Brain wants to be on TV it looks like. He has pestered me for a month or so now to do a WEEKLY video news show on electric vehicles and conversion issues. I once did 12 years with a MONTHLY magazine deadline and it can be wearing. How we could do a WEEKLY magazine, and in video no less, I cannot imagine.
So we shot one, on a Friday. The next Friday he’s gone to the Citadel to see a football game. Oh well. How WEEKLY it will be remains to be seen. Picture an ever so often WEEKLY video.
But after doing two, I confess I like the format. We can weave in some of what we’re doing on the Mini Cooper. But we purchase, test and evaluate a lot of EV components in my pathologically curious but not very thrifty fashion. And we probably should share the information. And it will give me a chance to editorialize in the ranting and raving fashion I was accustomed to in the magazine business.
We’ll feature the current release at http://evtv.me on the main page. But I’ve created an archive page designed to present all past shows with a bit of description of what was covered in each of them.
I am convinced Internet video is the future. The cameras made a huge step function leap in 2009. The editing software made a huge step-function leap in 2009. YouTube now consumes as much bandwidth as the entire Internet did in 2002. And the carriers are quietly becoming resigned to the fact that much more bandwidth is going to be necessary with video even swamping cellular phone traffic. But broadband keeps on. Six months ago, I tried to get 2 Mbps upstream/ 2 Mbps downstream from the cable company at $160 per month. They could NOT deliver it. I was getting 1.25 Mbps upstream and 12.75 Mbps downstream and had them yank it.
Two weeks ago they called offering 8 Mbps downstream and 2 Megabits upstream for $119 per month. I explained to the sales lady that they couldn’t do PART of that and until they could deliver what they were offering, I wasn’t interested. She said she was sure they could do it.
She “checked with engineering” and came back a couple of days later with a guarantee that if it didn’t perform, they’d cancel it no harm no foul – and no “who’s on first” like I endured last time. I agreed.
I’m getting about 1.85 upstream and 8.4 Mbps downstream. Close enough.
So what I’m seeing is a huge increase in camera capabilities, editing capabilities, and bandwidth in support of basically what consumers have demanded the Internet be – video.
We’ve located and licensed some great player software and hooked up with Amazon’s S3 storage service and their Cloudnet network. And we’re continuing to work on the model. What this means is we can offer a LOT better video than YouTube, and without the 10 minute limits. We’re doing 1280×720 HD video with H.264 compression (NOT FLASH). And with Amazon’s Cloud this is spotted on servers all over the U.S., Europe, and Asia. What this means is that the system automatically routes you to the closest edge server to download the video files, typically 2 Gigabytes each.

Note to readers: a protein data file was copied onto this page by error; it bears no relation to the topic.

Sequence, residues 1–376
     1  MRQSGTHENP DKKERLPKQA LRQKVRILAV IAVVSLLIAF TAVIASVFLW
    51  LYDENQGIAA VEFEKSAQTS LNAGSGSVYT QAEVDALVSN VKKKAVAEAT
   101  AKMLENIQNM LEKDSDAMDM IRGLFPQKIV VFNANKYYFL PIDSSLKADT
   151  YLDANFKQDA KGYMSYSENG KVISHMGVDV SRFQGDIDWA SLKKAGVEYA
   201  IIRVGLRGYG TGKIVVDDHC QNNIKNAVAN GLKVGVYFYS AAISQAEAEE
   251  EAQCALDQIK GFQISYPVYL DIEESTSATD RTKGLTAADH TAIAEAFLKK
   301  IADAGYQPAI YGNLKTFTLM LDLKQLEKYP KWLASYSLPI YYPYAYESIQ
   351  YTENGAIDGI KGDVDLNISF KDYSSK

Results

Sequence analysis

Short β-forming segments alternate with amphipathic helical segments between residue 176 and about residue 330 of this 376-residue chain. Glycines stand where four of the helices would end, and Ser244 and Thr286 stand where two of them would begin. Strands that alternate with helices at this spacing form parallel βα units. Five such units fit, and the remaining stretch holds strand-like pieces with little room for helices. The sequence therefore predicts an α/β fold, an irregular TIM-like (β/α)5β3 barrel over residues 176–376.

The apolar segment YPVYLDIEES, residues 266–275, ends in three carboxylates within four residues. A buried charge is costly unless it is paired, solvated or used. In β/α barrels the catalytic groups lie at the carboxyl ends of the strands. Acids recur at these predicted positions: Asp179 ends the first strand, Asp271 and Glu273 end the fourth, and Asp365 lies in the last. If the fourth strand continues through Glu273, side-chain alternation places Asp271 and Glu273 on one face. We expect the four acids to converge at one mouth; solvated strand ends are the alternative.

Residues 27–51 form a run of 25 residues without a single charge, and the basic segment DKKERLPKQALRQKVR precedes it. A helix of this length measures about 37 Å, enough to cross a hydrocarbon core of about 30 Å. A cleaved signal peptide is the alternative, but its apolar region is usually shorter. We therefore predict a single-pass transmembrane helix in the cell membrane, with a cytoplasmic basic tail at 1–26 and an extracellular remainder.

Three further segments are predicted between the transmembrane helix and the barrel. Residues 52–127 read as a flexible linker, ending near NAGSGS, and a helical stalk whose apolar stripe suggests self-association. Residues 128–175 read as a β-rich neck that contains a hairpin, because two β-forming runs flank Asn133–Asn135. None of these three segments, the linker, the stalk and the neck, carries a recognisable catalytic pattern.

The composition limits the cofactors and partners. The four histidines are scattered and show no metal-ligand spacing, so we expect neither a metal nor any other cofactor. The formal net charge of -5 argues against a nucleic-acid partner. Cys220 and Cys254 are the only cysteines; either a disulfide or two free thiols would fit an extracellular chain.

This lets us do long videos of an hour or an hour and a half, at quite acceptable resolution. And unlike YouTube, you’re welcome to download them and distribute them as widely as you care to.
We’re also experimenting with clickable ads overlaying the videos. These only work online at this point. But if you see a green panel pop up, you can click on it to go to that web site for more information. The video will pause right where you were at, and if you close the new tab or window, you’re right back where you were in the video.
I think these new video over Internet models are very exciting. A program isn’t ON at a particular time. It’s ON at YOUR time discretion. Yes, we have a weekly show. You can watch 3 weeks ago just as easily as the current one. YOU call the tune. I think that’s cool.
Downside? Well the YouTUBE model is based on YouTube paying the bandwidth charges. In theory, they make it up with ads. In reality, they’ve never caught up. They spend twice as much on bandwidth as they take in in ad revenues. So they beat up thte people that are providing content. You can’t post links to sites off their service (is that childish or what. We’ll FORCE you to stay here? On the Internet?). They limit videos in size, resolution, and length. And they splash stupid out of context ads all over your page. It’s actually an abusive horror as far as I’m concerned.
EVERYONE told me no one wants to watch a video over 5 minutes in length. I, in contrarian fashion, cannot imagine anything useful or informative that I would find in a video in LESS than five minute length. So we’re doing long videos. You can watch part of them, all of them, or go to YouTube and watch a 3 year old get his finger bit by his baby brother. In any event, you’re in control.
The downside is that I get to pay for the bandwidth. It’s running about 30 cents each time one of you guys watch a full video. So I’m hoping at some point all of this comes together and makes sense. For now, it’s all an experiment in the tools and models of a new Internet for me. As I watch traditional music distribution, movie distribution, and advertising models collapse in front of me, the question comes up – what comes out of all this and where does it go?
I believe it is a kind of interactive video web with links to both ads, product placements, and information. Whoever masters that medium in the future wins.
One of the back burner projects is to share the technique. There are actually a lot of pretty serious “Indy” video producers out there for which the current free models of YouTube et al simply aren’t working. We may pick out a few and show them how to do this like big boys.